Chinese Christians memorize entire Bible in prison: Gov't 'can’t take what’s hidden in your heart'
Chinese Christians imprisoned for their faith are memorizing Scripture passages smuggled to them on small pieces of paper because prison guards "can't take what's hidden in your heart," one former prisoner revealed.
In a recent sermon, Wayne Cordeiro, pastor of New Hope Christian Fellowship in Honolulu, Hawaii, shared an experience he had on a trip to China, where the church went to train leaders.
The pastor shared how 22 Christians from the Hunan Province took a 13-hour train ride to attend the leadership training held at a 700-square-foot hotel room. Out of the 22 Christians present, 18 had been imprisoned for their faith, the pastor revealed.
"If we get caught what will happen to me?" Cordeiro began by asking.
"Well, you will get deported in 24 hours, and we will go to prison for three years," the Chinese Christians responded.
After beginning his lesson, the pastor realized he only had 15 Bibles to pass around, so seven people went without.
"I said, 'turn to 2 Peter 1, we are going to read it.' Just then one lady handed hers to the person next to her, and I thought 'hmm interesting,'" he recalled.
As the Christians began reading, he quickly realized why she had given her Bible away: she had memorized the whole book.
"When it was done, I went over to her at a break and said, 'You recited the whole chapter,'" he said. She replied, "In prison, you have much time in prison."
A Message from
If credit card debt has you down, the certified counselors at Trinity can help. We can consolidate your bills into one, easy-to-manage monthly payment. Reduce your interest by as much as 60 percent. Call Now : 800-741-8205
"Don't they confiscate the Bible?" he asked.
She said that while any Christian material is indeed confiscated, people smuggle in scripture written on paper and hide it from the prison guards.
"That's why we memorize it as fast as we can because even though they can take the paper away, they can't take what's hidden in your heart," she explained.
Following the three-day training session, one Chinese Christian man asked Cordeiro, "Could you pray that one day we could just be like you?"
"I looked at him and said, 'I will not do that,'" he replied. "You guys road a train 13 hours to get here. In my country, if you have to drive more than an hour, people won't come."
"You sat on a wooden floor for three days. In my country, if people have to sit for more than 40 minutes they leave. You sat here for not only three days on a hard wooden floor, in my country if it's not padded pews and air conditioning, people will not come back."
"In my country, we have an average of two Bibles per family. We don't read any of them. You hardly have any Bibles and you memorize them from pieces of paper."
"I will not pray that you become like us, but I will pray that we become just like you," he concluded.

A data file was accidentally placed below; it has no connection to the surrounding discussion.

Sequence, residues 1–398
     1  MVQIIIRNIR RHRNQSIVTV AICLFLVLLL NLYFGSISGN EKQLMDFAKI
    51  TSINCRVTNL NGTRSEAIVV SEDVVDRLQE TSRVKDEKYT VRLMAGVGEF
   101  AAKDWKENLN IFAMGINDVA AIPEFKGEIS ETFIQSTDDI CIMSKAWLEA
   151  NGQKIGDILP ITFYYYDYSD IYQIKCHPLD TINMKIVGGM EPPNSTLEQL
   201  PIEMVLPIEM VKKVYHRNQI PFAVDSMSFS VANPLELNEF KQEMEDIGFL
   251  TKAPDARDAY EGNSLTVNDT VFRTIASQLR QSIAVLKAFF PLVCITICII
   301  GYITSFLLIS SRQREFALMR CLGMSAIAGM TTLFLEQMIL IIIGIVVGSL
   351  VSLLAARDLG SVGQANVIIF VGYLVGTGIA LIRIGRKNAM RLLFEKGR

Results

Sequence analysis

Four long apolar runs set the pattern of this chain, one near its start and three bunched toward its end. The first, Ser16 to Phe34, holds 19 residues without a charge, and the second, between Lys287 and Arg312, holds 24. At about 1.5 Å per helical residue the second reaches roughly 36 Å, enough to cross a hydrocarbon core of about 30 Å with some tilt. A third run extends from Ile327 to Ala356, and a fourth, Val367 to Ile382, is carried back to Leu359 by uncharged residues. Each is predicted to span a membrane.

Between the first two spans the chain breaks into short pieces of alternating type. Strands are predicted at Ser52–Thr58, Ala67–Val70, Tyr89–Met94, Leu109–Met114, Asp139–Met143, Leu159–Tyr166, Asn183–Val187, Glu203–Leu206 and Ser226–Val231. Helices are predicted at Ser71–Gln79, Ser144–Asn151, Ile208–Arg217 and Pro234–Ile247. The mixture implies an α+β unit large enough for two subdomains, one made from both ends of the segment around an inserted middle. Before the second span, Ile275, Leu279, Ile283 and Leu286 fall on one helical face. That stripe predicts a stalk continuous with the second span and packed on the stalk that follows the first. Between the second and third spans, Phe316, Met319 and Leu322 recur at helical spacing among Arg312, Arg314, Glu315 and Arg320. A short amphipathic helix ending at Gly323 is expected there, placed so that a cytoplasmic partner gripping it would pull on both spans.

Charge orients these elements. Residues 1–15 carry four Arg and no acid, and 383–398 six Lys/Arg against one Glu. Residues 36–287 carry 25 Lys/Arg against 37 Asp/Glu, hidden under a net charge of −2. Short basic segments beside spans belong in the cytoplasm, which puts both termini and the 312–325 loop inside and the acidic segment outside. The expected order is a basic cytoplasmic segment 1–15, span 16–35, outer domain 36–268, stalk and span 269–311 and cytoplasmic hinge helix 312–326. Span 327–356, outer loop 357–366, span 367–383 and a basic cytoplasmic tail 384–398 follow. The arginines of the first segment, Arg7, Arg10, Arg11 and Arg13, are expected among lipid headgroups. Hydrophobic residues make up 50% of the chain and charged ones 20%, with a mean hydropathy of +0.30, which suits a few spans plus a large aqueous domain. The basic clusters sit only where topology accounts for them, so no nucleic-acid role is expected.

China has seen explosive growth in the number of believers over the last several decades. Estimates have even suggested that China is on track to have the largest Christian population in the world by 2030.
About 30 million Christians in China are estimated to attend state-sanctioned churches while many others attend illegal underground house churches that are not registered with the government.
In efforts to stunt the rapid growth of Christianity, authorities throughout China have shuttered a number of prominent house churches and arrested Christians for worshiping without the approval of the government.
Previously, Crazy Love author Francis Chan said he believes the reason the underground Chinese church has grown so large is that Chinese Christians "actually believed they could make disciples and start these gatherings because Jesus was enough."
"I started to think, 'This is what made the underground church in China unstoppable. If you have a group of people that actually embrace suffering, how are you ever going to stop them?'" he asked during the "Rethink Church/Rethink Mission" event at McLean Bible Church in Vienna, Virginia, in October.
Chan argued that the problem with churches in the West is they are "so stoppable the moment it gets too difficult."
"What if you actually go, 'I want to suffer for Christ?'" Chan asked. "Will you suffer to obey these things? Will you actually sacrifice? Because it's a lot easier to come somewhere and be fed than to love [others] as much as Christ loved you, as much as the Father loves the Son, and to break bread with [others] thinking, 'Christ was tortured for me; would I do that for [others]?'"
The pastor urged Christians in the West to embrace suffering for the glory of Christ "because the Church is that beautiful and that important."
Courtesy of The Christian PostTake Action